Glutamate-dependent transcriptional regulation of GLAST: role of PKC

Authors

  • Esther López-Bayghen,

    1. Departamento de Genética y Biología Molecular, Centro de Investigación y de Estudios Avanzados del Instituto Politécnico Nacional, México
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  • Arturo Ortega

    1. Departamento de Genética y Biología Molecular, Centro de Investigación y de Estudios Avanzados del Instituto Politécnico Nacional, México
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Address correspondence and reprint requests to Arturo Ortega, Departamento de Genética y Biología Molecular, CINVESTAV-IPN, Apartado Postal 14–740. México DF 07000, México.
E-mail: arortega@mail.cinvestav.mx

Abstract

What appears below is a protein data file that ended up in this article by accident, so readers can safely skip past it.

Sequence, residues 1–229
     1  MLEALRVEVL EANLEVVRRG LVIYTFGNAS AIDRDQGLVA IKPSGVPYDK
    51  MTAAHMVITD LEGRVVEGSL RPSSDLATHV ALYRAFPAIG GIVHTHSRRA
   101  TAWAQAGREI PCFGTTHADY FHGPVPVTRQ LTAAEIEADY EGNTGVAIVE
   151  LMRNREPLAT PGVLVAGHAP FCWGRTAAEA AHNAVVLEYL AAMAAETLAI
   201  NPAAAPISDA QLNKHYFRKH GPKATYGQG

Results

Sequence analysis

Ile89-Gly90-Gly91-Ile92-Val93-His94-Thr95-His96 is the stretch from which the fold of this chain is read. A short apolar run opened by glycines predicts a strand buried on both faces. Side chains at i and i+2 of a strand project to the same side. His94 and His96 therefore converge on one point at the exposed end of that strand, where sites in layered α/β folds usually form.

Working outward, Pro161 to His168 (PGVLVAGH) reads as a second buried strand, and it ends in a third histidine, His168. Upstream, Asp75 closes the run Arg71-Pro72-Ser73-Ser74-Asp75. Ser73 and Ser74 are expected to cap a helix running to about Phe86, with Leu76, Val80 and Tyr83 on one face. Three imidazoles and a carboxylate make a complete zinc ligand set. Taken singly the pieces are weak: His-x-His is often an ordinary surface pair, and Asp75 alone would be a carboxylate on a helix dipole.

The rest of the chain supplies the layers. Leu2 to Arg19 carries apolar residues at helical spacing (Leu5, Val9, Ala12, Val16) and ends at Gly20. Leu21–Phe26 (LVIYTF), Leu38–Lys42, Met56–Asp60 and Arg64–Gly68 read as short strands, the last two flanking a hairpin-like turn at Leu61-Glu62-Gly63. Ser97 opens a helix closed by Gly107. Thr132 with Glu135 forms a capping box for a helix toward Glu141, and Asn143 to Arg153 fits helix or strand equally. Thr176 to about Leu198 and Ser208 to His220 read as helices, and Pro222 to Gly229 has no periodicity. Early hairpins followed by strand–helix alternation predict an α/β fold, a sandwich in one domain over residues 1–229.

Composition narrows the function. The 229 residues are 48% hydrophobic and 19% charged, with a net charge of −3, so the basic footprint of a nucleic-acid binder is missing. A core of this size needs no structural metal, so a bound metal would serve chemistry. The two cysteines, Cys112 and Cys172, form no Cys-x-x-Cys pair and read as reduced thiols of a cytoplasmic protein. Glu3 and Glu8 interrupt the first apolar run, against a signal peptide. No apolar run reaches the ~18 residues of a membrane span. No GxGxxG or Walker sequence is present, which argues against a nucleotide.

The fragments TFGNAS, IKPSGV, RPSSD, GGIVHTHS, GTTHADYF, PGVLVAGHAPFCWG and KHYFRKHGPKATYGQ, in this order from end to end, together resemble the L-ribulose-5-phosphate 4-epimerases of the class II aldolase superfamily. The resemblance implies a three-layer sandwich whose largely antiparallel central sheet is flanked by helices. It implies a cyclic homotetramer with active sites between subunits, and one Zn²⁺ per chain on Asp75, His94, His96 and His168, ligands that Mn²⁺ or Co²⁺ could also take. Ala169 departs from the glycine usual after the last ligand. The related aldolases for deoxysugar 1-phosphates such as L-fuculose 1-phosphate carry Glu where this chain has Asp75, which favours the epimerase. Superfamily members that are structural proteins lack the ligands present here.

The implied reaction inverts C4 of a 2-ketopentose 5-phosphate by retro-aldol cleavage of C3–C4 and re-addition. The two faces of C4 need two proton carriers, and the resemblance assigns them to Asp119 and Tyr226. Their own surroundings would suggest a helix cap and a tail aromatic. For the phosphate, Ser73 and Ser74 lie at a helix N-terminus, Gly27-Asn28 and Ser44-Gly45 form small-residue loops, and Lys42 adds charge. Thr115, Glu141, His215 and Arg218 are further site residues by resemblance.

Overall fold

The Na+-dependent glutamate/aspartate transporter GLAST plays a major role in the removal of glutamate from the synaptic cleft. Short-term, as well as long-term changes in transporter activity are triggered by glutamate. An important locus of regulation is the density of transporter molecules present at the plasma membrane. A substrate-dependent change in the translocation rate of the transporter molecules accounts for the short-term effect, whereas the long-term modulation apparently involves transcriptional regulation. Using cultured chick cerebellar Bergmann glial cells, we report here that glutamate receptors activation mediate a substantial reduction in the transcriptional activity of the chglast promoter through the Ca2+/diacylglicerol-dependent protein kinase (PKC) signaling cascade. Overexpression of constitutive active PKC isoforms of mimic the glutamate effect. Accordingly, increased levels of c-Jun or c-Fos, but not Jun-B, Jun-D or Fos-B, lower the chglast promoter activity. Serial deletions and electrophorectic mobility shift assays were used to define a specific region within the 5′ proximal region of the chglast promoter, associated with transcriptional repression. A putative glutamate response element could be defined in the proximal promoter stretch more likely between nts – 40 and − 78. These results demonstrate that GLAST is under glutamate-dependent transcriptional control through PKC, and support the notion of a pivotal role of this neurotransmitter in the regulation of its own removal from the synaptic cleft, thereby modulating, mainly in the long term, glutamatergic transmission.

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